We were sitting around the table recently discussing a problem we had with one of our members. She was experiencing what anyone else would consider a minor problem that could easily be fixed in a day, yet she had let it drag on for several years, and then fought all attempts at a reasonable resolution. She found minor faults in the way she was being treated and turned them into great wrongs, and then fought for the most exaggerated forms of compensation. When she didn’t get what she wanted, she screamed at people and made wild accusations. None of this was forced on her by poverty or lack of resources—or, at least, material resources—because she was apparently quite wealthy.
Someone at the table then leaned forward and said, “With her, it isn’t about the money. It’s about winning.”
My immediate reaction was, “That’s a waste.” And then I paused and wondered, because I knew I had heard that thought before. Two names came immediately to mind, a surprising conjunction: Gautama Buddha and the Godfather.
In Mario Puzo’s The Godfather, there is a scene in which the family is planning for war after Vito Corleone has been shot. Sonny, the new acting don, is calling for revenge on a personal level and doesn’t care who gets hurt. Tom Hagen, the consigliere, reminds him that the Godfather always said such personal reactions were a waste. He’s not against taking revenge itself, but the action should be taken for strategic and business reasons—to secure your position, discourage your enemies, and protect your greater enterprise. Reacting out of anger and hurt feelings achieves nothing.
I’m not sure the Buddha ever used the exact phrase “that’s a waste” in any of his teachings, but the thought is certainly present, and it permeates the traditions of Buddhism and Zen. Both teach mindfulness of what’s important. The gratification of ego, the feeding of anger, the natural human reaction to perceive offense in any hurtful action, and the unreasoning rush to strike back—all of these the Buddha would discourage. They represent the ungoverned feelings of a person tossed on the waves of samsara, the ebb and flow of living in the world, of pleasures and pains, receiving and giving suffering, succumbing to agitation and distress. The unsettled mind, focused on immediate losses or gains, cannot see the world and its true nature clearly.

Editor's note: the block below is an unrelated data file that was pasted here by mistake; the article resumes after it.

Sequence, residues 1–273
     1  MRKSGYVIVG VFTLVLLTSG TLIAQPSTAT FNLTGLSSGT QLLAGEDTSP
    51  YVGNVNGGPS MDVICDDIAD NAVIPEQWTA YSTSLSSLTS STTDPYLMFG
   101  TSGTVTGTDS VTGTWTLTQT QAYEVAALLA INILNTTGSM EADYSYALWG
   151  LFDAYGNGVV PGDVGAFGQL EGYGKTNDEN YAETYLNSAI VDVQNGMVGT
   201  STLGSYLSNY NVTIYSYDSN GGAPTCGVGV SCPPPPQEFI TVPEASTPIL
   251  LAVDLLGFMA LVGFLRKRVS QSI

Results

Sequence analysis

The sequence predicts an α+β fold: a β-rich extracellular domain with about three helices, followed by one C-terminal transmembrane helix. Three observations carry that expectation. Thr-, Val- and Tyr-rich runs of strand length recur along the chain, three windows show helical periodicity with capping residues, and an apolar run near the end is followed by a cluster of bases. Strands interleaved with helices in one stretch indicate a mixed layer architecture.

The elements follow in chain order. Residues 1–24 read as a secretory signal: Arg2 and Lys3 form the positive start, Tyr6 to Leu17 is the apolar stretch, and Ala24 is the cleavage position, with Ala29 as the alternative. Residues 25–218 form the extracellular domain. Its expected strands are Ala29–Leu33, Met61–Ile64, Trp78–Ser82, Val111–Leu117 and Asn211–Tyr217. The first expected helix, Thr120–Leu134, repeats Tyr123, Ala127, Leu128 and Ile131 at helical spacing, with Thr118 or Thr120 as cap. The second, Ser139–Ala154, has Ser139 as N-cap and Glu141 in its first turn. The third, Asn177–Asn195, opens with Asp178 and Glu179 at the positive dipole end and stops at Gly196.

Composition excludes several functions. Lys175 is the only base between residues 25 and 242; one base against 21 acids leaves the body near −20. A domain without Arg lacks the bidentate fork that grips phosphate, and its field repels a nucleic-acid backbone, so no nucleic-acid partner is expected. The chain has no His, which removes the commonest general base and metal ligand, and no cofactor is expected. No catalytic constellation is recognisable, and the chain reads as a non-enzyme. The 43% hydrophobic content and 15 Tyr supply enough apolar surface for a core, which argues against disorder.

Some people become so bent on winning—whether it’s a minor argument or major dispute, or advantage in a commercial or social exchange, or any amount in a poker pot—that they willingly distort the truth. Impersonal perception and reporting of the truth, of reality as it exists outside your own needs and wants, hopes and fears, is the kernel of all right thinking. Once a person, consciously or otherwise, decides to ignore that impersonal perception of reality, they tend to replace an existential appraisal of what might constitute equity and justice with their own needs and wants. In that situation, one freely undertakes to deceive others, to trick or cheat them, to damage a reputation one might otherwise believe to be clean, to engage in accusations and name-calling, to flail at them with raw emotion rather than reason.
The Godfather, of course, never cared about existential questions of equity and justice. He was always about protecting his own family, those who swore loyalty to him, and those who could do him some future service. The Godfather didn’t put any faith in the greater society around him and his family. He didn’t rely on the justice, protection, or good intentions of the civil authority or the church. To him, all politicians and churchmen were simply pezzonovante or big shots, competitors for his own carefully constructed personal authority, who have no more legitimacy than he does in the community.